First, let me dispel a few myths for you. Our lovely media, television and movie industries would have you believe that great sex just happens naturally. I am here to tell you that great sex can happen with communication and cooperation. We are not mind readers like good old Prince Charming appeared to be in Cinderella, nor are all women created equally, which Cinderella suggests by her passive acceptance of his gallant gestures. This is a sweet fairy tale, but obviously one-dimensional. In actuality, as sexual beings our expressions of, and needs for sex are as individual and unique as we are. If everyone is unique, how can any Prince Charming possibly know what to do all the time? Via communication, of course, but furthermore, how you communicate is the secret to a great relationship.
Arguments, defensiveness and avoidance, whether it is about sex or not at all, send a message to our partners that we are not interested in their well being, and that we are only interested in protecting our feelings. It’s one-sided and it’s not genuine.
So, here are the seven steps I found and now recommend to start talking your way to a better relationship and sex life today. Whether the conversation be about sex or about who is going to do the dishes is not important; it’s how you say it that really matters.
1. The first technique I always suggest learning is self-soothing. Learn to calm and relax yourself. If a conversation is making you angry, anxious or frustrated, learning to self-soothe is key. If you respond from an angry place, or if you are anxious, nervous or scared, you are likely to say things you don’t mean, that are hurtful, that point blame, and /or criticize. So do practice breathing. Take long deep breaths and count to 10. Go outside for some fresh air. It’s okay to say, “I will be right back, I need to get some air.” Practice breathing often, not just during a heated conversation, but while driving, while at your desk, even while relaxing. Breathing is at the core of relaxing. And, the absolute best thing to do is talk when you are calm.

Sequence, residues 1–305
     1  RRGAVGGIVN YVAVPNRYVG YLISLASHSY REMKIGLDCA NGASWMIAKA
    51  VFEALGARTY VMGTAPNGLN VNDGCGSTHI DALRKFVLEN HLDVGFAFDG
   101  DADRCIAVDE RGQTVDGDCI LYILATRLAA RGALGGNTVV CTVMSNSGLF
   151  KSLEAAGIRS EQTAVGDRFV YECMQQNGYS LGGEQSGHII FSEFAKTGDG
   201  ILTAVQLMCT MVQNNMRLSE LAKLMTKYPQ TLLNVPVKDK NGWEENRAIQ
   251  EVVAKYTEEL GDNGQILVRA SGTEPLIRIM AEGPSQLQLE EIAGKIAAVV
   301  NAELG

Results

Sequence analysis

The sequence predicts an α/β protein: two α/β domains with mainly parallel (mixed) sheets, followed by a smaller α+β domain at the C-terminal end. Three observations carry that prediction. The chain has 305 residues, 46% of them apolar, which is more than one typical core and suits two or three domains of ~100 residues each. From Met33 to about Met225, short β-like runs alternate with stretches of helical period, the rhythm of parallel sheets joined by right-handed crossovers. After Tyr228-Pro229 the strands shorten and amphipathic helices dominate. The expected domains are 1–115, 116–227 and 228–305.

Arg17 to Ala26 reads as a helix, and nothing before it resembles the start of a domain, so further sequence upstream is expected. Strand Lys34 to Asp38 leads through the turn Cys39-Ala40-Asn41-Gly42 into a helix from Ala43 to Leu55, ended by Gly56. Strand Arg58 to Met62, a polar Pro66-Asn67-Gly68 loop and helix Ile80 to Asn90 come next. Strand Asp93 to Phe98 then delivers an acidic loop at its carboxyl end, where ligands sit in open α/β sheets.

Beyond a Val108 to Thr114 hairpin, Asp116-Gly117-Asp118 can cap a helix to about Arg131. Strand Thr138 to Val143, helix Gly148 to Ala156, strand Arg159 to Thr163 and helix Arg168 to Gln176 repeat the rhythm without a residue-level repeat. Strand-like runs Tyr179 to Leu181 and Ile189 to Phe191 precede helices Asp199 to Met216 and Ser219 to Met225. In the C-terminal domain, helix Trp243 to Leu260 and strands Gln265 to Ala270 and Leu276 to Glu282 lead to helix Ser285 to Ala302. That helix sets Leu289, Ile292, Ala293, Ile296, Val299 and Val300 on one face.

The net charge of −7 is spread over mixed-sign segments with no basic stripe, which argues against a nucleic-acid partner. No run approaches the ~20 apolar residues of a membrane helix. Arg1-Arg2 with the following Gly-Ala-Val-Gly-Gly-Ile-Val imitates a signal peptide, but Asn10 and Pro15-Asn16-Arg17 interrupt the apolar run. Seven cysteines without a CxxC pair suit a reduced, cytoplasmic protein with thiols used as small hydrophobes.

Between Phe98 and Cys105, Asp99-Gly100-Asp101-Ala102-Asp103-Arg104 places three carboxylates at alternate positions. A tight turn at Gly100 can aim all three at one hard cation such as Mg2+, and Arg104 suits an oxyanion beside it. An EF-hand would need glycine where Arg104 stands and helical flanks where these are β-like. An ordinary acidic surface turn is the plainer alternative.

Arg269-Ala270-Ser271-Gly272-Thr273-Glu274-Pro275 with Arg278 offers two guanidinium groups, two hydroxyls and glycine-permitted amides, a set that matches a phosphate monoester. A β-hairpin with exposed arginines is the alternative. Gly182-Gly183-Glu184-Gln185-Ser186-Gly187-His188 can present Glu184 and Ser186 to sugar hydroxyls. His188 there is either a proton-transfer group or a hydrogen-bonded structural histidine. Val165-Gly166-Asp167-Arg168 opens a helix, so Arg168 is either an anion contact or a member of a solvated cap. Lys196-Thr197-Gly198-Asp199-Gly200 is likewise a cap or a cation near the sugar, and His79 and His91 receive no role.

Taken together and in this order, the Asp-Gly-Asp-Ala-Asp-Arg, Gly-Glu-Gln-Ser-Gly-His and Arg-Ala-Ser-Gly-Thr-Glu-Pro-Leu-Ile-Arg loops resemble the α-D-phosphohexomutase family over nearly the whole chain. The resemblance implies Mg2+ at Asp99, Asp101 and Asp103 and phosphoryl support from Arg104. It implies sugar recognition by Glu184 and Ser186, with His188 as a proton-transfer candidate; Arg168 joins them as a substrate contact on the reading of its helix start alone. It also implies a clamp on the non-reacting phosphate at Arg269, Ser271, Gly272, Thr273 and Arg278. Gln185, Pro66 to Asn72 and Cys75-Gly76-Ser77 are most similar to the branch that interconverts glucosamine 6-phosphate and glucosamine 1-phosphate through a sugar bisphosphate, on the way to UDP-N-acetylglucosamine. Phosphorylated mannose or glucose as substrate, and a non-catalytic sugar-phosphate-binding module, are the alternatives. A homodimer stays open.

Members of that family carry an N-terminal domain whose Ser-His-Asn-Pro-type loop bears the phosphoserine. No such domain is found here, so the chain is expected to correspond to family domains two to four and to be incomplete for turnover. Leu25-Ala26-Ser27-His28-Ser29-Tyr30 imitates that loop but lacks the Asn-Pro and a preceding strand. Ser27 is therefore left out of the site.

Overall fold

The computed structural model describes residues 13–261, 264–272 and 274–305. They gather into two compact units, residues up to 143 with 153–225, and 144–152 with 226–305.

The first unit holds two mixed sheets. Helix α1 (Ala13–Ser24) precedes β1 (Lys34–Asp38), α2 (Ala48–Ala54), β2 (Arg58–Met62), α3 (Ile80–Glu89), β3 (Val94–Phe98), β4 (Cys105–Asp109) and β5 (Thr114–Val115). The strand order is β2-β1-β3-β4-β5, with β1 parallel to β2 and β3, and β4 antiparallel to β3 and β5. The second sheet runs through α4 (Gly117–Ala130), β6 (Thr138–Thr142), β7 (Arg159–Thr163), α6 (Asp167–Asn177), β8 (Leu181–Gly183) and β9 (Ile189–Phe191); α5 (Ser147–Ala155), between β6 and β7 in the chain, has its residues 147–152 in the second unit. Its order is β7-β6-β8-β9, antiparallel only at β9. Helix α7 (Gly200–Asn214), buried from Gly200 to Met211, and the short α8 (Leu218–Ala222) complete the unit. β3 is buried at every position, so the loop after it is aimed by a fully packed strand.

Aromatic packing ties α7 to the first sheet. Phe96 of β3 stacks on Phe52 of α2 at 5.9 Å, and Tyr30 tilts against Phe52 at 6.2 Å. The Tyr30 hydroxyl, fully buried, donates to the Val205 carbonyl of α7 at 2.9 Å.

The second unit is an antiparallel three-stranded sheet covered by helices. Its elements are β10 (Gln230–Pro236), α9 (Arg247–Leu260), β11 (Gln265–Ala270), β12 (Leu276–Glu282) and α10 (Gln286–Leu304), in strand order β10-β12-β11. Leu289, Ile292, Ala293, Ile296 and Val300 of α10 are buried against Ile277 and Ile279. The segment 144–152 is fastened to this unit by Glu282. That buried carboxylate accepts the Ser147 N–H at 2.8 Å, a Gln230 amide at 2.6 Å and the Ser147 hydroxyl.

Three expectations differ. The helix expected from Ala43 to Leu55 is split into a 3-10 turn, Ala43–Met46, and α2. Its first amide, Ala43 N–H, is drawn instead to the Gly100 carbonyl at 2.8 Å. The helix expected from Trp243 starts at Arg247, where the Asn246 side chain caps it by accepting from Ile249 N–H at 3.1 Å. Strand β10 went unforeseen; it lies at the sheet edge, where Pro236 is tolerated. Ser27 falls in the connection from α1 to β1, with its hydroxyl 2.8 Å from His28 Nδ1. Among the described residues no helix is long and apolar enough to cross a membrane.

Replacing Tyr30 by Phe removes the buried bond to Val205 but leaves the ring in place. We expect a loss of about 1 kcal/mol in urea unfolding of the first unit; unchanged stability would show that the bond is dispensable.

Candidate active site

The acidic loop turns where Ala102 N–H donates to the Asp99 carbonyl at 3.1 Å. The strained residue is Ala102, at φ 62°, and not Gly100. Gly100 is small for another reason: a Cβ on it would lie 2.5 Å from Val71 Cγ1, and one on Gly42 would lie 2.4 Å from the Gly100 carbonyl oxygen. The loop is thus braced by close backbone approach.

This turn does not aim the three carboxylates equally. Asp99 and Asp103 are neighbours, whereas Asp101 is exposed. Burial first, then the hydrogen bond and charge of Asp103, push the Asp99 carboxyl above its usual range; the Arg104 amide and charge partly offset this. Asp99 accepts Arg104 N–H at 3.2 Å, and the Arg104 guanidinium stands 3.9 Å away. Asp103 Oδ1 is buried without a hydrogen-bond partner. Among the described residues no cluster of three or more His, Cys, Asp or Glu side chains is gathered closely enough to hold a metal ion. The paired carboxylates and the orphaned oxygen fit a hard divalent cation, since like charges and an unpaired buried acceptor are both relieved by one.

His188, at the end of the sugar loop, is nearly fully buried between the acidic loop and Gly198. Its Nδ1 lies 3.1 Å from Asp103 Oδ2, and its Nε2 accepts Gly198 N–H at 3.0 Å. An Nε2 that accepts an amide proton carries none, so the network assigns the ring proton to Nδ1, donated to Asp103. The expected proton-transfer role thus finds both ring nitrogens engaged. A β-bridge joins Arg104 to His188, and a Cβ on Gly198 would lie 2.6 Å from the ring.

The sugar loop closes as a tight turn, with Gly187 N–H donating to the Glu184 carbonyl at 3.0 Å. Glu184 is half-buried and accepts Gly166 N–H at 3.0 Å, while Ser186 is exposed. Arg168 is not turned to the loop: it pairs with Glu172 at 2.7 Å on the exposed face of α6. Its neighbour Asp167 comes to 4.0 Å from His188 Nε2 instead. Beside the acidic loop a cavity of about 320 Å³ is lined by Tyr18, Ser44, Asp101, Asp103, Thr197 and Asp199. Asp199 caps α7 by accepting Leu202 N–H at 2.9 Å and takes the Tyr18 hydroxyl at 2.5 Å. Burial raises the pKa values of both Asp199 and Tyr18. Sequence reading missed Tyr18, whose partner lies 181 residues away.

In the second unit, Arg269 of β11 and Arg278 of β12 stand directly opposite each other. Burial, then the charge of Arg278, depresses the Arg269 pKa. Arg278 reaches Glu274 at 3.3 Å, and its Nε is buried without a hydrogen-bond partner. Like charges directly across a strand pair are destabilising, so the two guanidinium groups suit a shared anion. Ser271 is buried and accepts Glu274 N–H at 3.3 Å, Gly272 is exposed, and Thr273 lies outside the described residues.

2. Be non-judgmental. Shut your critical and emotional mind off and really listen to what your partner is saying. Put yourself in your partner shoes, if you need to.
3. Use positive “I” language. This is also about remembering to avoid blaming, pointing the finger, criticizing and judging, and instead saying things about your feelings. For example, instead of saying, “You don’t even try to please me,” try this: “I really feel unsatisfied with our lovemaking these days.” Focus on using “I” feel and avoid using “you” in the sentence.
4.. Summarize, paraphrase, or repeat what your partner has said. This is an easy way to let your partner know you have heard them and can often quite easily diffuse an angry situation. If your partner says, “I am angry and sexually frustrated these days, and you don’t seem to care about sex.” Instead of responding defensively, which might be the inkling, this is a great opportunity for you to start the conversation about sex. You can respond by saying, “It sounds like you are feeling dissatisfied with our sex life. Perhaps we could find a solution.”